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Anne McMills – Marie and Rosetta


    I believe in producing important stories that reveal well-rounded, informative, and captivating work revolving around the global majority. I have been fortunate enough to work on productions that extend this outlook as a lighting designer.

    Please refer to my website here:

    It is ideal to tell stories of the global majority without focusing on trauma, but instead celebrating all humans as humans with human stories. Casting can be a way to celebrate members of the global majority by normalizing mixed skin tones, races, and ethnicities within a piece. In my website I showcase two productions with open casting approaches: The Last Five Years and Sense and Sensibility. Productions that choose to be mindful about casting promote this value of normalcy.

    Also telling important and forgotten stories is another method of showcasing the global majority, which has been missing in traditional theatre for so long. I was the lighting designer for Marie and Rosetta – a play about two forgotten, black, rock-n-roll icons who largely influenced the emergence of white rock-n-roll. Being able to work on productions like these that celebrate people and cultures that have been largely forgotten creates design as activism. Marie and Rosetta brings awareness to these real, historical icons – Sister Rosetta Tharpe and Marie Knight – that many have not heard of. Because they are black women, they did not get the same attention as individuals like Elvis and Johnny Cash, whose work they influenced. In fact, Sister Rosetta Tharpe was the first person to stand and sing in front of her band while playing guitar. This is something that has become a staple of the rock-n-roll world, but is typically not recognized as being originated by a black woman. Marie and Rosetta also explores the love affair that these two partners allegedly developed throughout the years. Being able to celebrate a wonderful LGBTQIA+ story in addition to a powerful play about black historical figures cements this play as an important work.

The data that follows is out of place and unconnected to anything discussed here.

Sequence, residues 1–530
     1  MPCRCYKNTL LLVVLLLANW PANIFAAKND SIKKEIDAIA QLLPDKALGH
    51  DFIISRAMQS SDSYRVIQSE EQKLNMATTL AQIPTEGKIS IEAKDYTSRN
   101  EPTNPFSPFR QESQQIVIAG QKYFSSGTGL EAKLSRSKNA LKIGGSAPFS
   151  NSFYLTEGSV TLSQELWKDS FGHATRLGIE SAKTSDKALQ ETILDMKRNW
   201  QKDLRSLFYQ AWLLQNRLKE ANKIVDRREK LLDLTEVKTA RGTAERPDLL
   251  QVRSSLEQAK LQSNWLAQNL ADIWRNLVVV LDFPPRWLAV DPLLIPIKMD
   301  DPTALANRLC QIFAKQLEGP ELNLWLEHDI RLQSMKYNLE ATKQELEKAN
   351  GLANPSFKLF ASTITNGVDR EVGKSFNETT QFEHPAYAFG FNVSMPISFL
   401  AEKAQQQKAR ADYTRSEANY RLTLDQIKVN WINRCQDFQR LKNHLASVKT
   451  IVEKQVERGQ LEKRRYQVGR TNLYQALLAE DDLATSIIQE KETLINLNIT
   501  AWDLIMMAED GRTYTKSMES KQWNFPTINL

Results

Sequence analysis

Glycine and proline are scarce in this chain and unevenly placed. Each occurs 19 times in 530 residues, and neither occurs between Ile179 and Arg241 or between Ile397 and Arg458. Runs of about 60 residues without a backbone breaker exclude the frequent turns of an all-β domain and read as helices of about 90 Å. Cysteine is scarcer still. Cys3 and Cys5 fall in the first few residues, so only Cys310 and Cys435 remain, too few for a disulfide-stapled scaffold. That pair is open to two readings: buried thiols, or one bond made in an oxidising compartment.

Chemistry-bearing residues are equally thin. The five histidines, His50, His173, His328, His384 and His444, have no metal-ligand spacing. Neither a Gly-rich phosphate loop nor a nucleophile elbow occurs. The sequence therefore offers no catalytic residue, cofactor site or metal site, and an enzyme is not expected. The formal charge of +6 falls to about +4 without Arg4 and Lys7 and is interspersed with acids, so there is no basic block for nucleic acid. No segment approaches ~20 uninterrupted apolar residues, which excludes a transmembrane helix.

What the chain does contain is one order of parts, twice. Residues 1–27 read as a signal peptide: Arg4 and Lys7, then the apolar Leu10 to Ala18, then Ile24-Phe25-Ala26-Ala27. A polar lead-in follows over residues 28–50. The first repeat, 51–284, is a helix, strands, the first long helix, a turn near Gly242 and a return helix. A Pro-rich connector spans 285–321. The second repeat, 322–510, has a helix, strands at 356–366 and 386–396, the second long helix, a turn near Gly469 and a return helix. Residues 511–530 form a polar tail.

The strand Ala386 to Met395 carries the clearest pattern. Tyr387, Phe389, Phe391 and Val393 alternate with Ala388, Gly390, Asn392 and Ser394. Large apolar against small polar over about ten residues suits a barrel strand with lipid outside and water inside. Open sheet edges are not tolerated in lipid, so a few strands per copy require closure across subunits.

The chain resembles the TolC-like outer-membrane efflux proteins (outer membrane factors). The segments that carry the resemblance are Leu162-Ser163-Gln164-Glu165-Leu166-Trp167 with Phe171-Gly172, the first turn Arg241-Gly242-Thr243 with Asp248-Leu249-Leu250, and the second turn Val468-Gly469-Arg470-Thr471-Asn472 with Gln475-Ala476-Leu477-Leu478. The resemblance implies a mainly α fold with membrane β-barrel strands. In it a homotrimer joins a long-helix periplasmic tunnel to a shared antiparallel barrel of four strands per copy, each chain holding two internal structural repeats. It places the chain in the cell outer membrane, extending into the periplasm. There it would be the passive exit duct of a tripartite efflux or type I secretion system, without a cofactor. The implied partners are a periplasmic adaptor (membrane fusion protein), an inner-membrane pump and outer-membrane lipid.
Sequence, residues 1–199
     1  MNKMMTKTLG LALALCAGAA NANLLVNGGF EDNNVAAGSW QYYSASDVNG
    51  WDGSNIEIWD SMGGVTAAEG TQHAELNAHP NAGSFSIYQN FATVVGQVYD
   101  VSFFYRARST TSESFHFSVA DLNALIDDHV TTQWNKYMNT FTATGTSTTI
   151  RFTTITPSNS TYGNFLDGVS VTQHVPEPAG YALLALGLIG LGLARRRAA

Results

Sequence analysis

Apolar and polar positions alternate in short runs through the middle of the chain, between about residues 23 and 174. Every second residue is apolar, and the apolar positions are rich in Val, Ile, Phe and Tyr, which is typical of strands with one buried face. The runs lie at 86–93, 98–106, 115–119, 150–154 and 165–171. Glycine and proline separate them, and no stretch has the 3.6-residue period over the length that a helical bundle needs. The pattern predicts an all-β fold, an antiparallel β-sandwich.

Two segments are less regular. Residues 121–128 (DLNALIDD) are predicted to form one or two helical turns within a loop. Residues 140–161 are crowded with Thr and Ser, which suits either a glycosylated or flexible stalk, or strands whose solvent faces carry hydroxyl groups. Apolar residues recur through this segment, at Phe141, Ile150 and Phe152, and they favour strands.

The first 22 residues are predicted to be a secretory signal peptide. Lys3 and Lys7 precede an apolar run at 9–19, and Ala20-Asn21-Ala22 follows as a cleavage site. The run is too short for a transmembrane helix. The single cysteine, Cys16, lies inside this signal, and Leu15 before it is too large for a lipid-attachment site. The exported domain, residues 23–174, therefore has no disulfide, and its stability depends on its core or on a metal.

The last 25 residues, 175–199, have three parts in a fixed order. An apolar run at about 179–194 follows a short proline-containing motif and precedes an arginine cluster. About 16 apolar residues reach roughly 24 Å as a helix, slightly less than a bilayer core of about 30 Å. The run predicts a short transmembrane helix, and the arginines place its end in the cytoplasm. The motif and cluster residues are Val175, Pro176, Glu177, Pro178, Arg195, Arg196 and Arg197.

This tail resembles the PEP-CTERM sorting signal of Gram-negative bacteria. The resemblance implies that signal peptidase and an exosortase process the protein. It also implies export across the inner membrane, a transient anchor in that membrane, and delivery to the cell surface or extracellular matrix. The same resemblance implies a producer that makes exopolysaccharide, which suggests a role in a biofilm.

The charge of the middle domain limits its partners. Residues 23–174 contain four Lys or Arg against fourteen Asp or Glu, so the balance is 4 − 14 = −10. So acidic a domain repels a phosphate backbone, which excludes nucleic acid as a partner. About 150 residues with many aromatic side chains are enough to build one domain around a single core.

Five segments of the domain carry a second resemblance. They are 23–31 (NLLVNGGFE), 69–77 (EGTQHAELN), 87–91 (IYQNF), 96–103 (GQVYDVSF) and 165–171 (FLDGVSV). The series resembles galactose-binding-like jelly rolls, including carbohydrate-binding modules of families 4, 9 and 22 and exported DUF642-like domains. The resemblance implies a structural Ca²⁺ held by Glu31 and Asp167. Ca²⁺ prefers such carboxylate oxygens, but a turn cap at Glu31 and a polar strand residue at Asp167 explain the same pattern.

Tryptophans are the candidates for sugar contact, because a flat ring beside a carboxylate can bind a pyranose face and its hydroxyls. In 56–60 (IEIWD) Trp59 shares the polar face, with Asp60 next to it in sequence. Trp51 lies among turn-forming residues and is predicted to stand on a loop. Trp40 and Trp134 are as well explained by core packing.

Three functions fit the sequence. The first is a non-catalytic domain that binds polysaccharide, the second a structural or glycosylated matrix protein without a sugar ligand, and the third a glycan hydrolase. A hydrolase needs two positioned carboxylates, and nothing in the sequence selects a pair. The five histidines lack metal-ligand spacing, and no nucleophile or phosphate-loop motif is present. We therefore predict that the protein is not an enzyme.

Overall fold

More work like this needs to continue to be produced. Designing them and bringing attention to them is a form of activism.

    Production Credits

    Cygnet Theatre – San Diego, CA

    Playwright – George Brant

    Director – Rob Lutfy

    Scene Design – Elizabet Puksto
    Costume Design – Chanel A. Mahoney
    Lighting Design – Anne E. McMills
    Sound Design
    – TJ Fucella

    Wig Personnel – Peter Herman
    Props Artisan – Rachel Hengst

    Stage Manager – Matthew Bantock
    Tech Director – Branigan Duguay

    Assistant Lighting Design – Winston G. Limauge

    Actors featured in Photos

    Amaiya Holley
    Noël Simoné Wippler

    Photographer – Karli Cadel Photography
    Photographer – Sean Fanning